Strategies for the New Normal of Leadership

February 22, 2022

Book Review by Taylor Berrett

The Agape Method: A Strange Name for a Powerful System

So, you’re an executive at an established company. You’ve watched how the world has transformed in the wake of the COVID-19 pandemic and the overall drive for more flexibility at work. You’re not one of those entrenched, won’t-budge old fogies who insists all of their employees come to work from 9-5, five days a week. You’re aware of where the wind is blowing. You want to offer flexibility to your employees, knowing it will make them happier, more productive, and more likely to stay with your company.

You’re all set, right? Well, not exactly.

Avoiding the Pitfalls of Hybrid Transitions

In his book New Rules for Hybrid Leaders, hybrid work expert Anthony Ally outlines some of the common mistakes that CEOs and other executives can make when adopting a hybrid work environment— mistakes that can actually cause hybrid environments to hurt your company more than they help it.

Ally has certainly been ahead of the curve when it comes to adapting to the hybrid work culture. Over two decades ago, he developed a strategy to help executives at a Fortune 5 company build a hybrid culture that empowered employees to work from home. Since then, he’s applied his unique Agape Model to persuade executives from over 200 global corporations to partner with his team and adopt hybrid work. 

It’s hard to argue with his numbers. Companies that have adopted the Agape Management Model have seen as much as 22x better results in operation centers, 4x growth after years of flatlining, and more.

So what does Ally tell executives to do and— most importantly—not do?

In New Rules for Hybrid Leaders, Ally outlines the fallacy that causes many companies to backtrack on hybrid work. They allow a policy of more remote work, and think that they don’t have to change anything else about the way they engage with, connect with, and educate employees.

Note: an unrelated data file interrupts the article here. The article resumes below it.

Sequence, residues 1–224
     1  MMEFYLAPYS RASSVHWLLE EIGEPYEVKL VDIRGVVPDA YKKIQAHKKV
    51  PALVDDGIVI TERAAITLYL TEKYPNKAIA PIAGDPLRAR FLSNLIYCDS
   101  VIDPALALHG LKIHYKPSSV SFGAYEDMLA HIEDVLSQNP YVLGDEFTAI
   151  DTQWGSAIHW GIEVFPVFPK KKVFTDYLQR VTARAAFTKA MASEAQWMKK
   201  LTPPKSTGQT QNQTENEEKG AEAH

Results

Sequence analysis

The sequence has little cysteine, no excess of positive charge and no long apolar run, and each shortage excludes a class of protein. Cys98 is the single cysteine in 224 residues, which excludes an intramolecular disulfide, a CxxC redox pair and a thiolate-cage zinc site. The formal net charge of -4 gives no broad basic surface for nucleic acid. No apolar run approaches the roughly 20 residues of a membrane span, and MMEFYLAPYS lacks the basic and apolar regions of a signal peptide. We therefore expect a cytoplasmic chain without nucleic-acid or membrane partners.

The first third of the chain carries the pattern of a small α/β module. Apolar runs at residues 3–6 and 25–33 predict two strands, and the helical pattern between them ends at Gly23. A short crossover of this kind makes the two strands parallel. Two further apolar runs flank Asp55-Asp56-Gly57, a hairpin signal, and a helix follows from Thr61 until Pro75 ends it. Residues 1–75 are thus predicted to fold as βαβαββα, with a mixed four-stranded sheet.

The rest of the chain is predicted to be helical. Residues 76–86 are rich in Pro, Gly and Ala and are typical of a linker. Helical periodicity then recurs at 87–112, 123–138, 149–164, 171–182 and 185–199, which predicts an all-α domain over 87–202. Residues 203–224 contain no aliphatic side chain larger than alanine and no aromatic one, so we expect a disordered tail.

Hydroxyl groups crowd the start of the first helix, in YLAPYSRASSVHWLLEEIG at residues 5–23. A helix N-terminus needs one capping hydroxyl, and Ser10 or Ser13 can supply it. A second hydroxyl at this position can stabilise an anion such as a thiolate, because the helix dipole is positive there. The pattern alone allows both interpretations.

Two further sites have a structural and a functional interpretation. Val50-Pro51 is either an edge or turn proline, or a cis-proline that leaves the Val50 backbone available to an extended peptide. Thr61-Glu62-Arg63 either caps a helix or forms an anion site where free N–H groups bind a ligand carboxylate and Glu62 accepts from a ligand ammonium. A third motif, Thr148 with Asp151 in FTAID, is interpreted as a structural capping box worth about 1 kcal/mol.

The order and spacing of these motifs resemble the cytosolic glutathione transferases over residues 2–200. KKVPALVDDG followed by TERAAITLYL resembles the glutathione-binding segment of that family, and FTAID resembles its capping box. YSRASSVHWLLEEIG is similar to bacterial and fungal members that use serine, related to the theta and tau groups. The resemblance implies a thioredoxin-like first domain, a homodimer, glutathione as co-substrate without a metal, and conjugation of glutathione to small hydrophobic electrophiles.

Hybrid work means less of some things— less commuting, less office space required, less rigidity. But it also means more investments in connection. You need to put in more effort to educate and onboard new employees who will spend less time in-office absorbing your company culture and policies. You need deeper connections to the employees you already have, ensuring that they feel engaged with their projects and teams. Meanwhile, you need to ensure that your clients and customers also continue to feel engaged by your organization. When the onsite visits, drinks with clients, and in-person pitches go away, you have to be creative about the ways you recreate those connections.

The Bottom Line

Ally’s Agape Model centers around three key factors in a company— harmonized employees, fulfilled hearts, and client evangelists. If you have teams that feel engaged and connected with one another, employees who feel satisfied and inspired by the work they’re doing, and clients who love your work so much that they become your most powerful marketing tool, a hybrid work environment won’t derail your company and will in fact boost purposeful profit that’s at the center of every successful company.


Taylor Berrett

Taylor Berrett is a Contributing Writer at Soundview. He is also a freelance writer, editor, and host of the podcast Alone in a Room. His other book reviews can be found here.